Tiki Oasis Goes Beat, Can You Dig It?
Fourteen-Year-Old Convention Will Draw Thousands
Tiki Oasis boasts that it is the biggest tiki weekender on the planet and will quell your wanderlust and quench your thirst. Check out the crazy scene.
I had a hard time tracking down Otto von Stroheim at the old Hanalei Hotel, now the Crown Plaza in Mission Valley. Maybe that’s because he was wearing tiki camouflage. Dressed in a green '70s style cabana outfit he blended into the lush tropical vegetation in the atrium at the center of the hotel. Von Stroheim is the founder of Tiki Oasis, a 14-year-old convention that serves as a mecca for people who are into tiki style.
"So people that like sitting on the beach or being in the water or near the water, like a waterfall, like we are doing right now. Or people who like design or artistic things, you know, the architecture and the exterior design of tiki restaurants and interior design of tiki restaurants are really dense and elaborate, kind of like a Disneyland ride," von Stroheim said.
It’s that kitschy fake environment that musician Jason Lee says offers a perfect form of escape from urban life.
"So this way you could take the back room in the house and totally convert it to a tiki room and have your friends over for cocktails or you go to someone else’s house and for that evening, that’s the idea of escapism," Lee explained.
Tiki is a way of life for the longtime attendees of Tiki Oasis. Great care is especially taken with appearances. Men sport hats and vintage Hawaiian shirts, women coif their hair in '50s and '60s styles, and couples might have matching island outfits. But Lee says newcomers should not be put off, the tiki tribe is very welcoming even if you have nothing vintage to wear.
"It’s still a subculture and it’s going to be nice to still get more people into it, to discover that kind of music and art, these are lost types of subcultures that a lot of people are never going to see in the mainstream," Lee said.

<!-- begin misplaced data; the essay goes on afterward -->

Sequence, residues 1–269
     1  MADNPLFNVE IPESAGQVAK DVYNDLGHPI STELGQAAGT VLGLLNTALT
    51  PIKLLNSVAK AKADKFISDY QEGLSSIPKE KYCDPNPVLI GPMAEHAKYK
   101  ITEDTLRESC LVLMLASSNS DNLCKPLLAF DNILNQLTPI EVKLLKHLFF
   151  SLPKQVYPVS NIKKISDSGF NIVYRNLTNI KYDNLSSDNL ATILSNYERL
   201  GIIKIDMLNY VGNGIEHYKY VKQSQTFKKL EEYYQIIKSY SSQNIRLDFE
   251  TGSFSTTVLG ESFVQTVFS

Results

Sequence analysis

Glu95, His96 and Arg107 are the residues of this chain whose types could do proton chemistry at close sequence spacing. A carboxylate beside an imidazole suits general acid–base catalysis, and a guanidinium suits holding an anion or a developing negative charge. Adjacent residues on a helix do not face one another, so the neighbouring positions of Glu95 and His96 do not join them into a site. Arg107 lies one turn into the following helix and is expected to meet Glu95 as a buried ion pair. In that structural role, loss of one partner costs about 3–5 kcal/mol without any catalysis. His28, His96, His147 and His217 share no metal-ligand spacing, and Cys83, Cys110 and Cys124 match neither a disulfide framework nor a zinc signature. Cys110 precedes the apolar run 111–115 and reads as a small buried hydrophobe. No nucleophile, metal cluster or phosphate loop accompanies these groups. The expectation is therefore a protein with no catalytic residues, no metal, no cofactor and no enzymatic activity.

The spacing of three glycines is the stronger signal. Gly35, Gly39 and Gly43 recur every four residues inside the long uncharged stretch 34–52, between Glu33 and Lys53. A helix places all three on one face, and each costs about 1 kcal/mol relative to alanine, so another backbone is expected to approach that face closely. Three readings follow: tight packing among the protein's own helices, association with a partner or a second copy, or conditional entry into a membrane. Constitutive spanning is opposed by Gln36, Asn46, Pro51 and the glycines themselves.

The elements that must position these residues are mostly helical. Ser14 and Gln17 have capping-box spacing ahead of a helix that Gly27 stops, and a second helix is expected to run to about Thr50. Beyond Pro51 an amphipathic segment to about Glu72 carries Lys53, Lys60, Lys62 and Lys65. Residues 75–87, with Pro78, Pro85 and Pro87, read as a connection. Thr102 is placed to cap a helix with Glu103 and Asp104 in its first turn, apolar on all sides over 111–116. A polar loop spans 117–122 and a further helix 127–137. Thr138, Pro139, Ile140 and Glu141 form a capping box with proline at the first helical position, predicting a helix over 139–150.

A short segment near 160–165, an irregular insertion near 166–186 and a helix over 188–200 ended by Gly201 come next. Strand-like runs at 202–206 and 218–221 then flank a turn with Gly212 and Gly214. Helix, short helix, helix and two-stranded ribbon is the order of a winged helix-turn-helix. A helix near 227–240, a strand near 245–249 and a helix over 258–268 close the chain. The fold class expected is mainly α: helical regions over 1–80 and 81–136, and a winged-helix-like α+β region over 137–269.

So what exactly defines tiki culture?
"If I had to boil it down to one word it would be fun. If I had to boil it down to two words I could say island lifestyle," von Stroheim said.
Von Stroheim says tiki can be traced back as far as the 1930s in the United States but peaked in the '50s and '60s before dying out in the '80s.
"Oh my gosh, all these tiki palaces were closing and dying, this is a lost culture and a lost slice of American society," von Stroheim added.
His desire to save and document that culture led him to create a zine called "Tiki News". Then he decided to physically gather the tiki tribe for a convention.
"It started in Palm Springs to save a hotel there called the Tropics and we did. And we outgrew it so we moved it down here to the Hanalei Hotel," von Stroheim said.
Now the convention draws 3,000 people, runs four days, and has some 60 hours of symposiums. At Tiki Oasis you can learn how to throw a luau, play ukulele or hear Rolly Crump — original Disney Imagineer and creator of the Tiki Room tikis — wax nostalgic. You can also learn surf guitar from Jason Lee. Lee, who has an iconic tower of blond hair that has been immortalized in a tiki mug, is part of the band Jason Lee and the RIP Tides. He says surf music is one of the subcultures that folds into tiki and it’s defined by reverb.
"So if you don’t have the reverb you’ll have that dry early sound the guitar had. But the minute you hear that decay … that’s instantly surf, everyone associates it with it. You’ve got the surf beat and the reverb with the surf guitar and that’s like the sound. Surf’s kind of the extreme in the realm of tiki and maybe the softer music, like exotica, is kind of the standard," Lee said.
Tiki Oasis is good at mixing subcultures. This year it brought in the Beat Generation, two years ago it was Bond. James Bond. It’s also good at mixing drinks with world renowned mixologists.
"For a real tiki drink you have to get everything right and these are the guys at the top of their game that know how to do that," Lee said.
Lee has one final word of advice to attendees regarding the drinks.
"Mai tai is definitely the drink of choice. You can get different drinks but don’t mix them, that’s going to be the rule of thumb. If you get a mai tai stick with a mai tai because there are so many different ingredients that might not mix with you the next day. And the next day start over," Lee recommended.
So if you want to dig some of this crazy scene, head on over to the Crown Plaza Hotel this weekend (through Sunday) and escape to the Tiki Oasis.
Shag, perhaps the definitive tiki artist, will be in attendance and releasing an exclusive ukelele.
If you want to extend the tiki mood, here's a list of tiki-themed films (you have to watch at least one with Dorothy Lamour) and since this year's theme was Beat, here's a list of Beat Generation films. Plus there is a guided tour of tiki in San Diego.